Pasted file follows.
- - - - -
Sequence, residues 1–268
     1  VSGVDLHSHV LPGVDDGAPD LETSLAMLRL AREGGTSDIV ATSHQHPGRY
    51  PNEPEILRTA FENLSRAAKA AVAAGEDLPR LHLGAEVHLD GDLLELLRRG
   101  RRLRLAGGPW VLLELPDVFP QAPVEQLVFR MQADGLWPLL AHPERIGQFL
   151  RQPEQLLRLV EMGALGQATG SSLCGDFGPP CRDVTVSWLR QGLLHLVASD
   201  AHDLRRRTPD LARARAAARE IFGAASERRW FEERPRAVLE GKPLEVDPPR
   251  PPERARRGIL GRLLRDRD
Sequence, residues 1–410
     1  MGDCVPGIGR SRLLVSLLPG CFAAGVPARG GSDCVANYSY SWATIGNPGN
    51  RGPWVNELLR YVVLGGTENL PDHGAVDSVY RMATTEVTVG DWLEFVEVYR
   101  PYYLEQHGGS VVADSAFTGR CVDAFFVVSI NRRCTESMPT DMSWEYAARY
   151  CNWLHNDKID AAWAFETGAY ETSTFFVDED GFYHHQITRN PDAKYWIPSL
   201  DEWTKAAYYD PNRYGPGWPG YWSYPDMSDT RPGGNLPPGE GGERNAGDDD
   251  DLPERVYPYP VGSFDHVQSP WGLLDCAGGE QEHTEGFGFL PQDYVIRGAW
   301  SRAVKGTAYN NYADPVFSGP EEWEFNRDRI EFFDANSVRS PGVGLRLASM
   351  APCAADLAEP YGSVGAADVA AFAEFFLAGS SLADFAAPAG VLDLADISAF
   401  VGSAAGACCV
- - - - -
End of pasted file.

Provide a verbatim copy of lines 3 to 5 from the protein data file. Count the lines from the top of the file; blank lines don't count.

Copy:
    51  PNEPEILRTA FENLSRAAKA AVAAGEDLPR LHLGAEVHLD GDLLELLRRG
   101  RRLRLAGGPW VLLELPDVFP QAPVEQLVFR MQADGLWPLL AHPERIGQFL
   151  RQPEQLLRLV EMGALGQATG SSLCGDFGPP CRDVTVSWLR QGLLHLVASD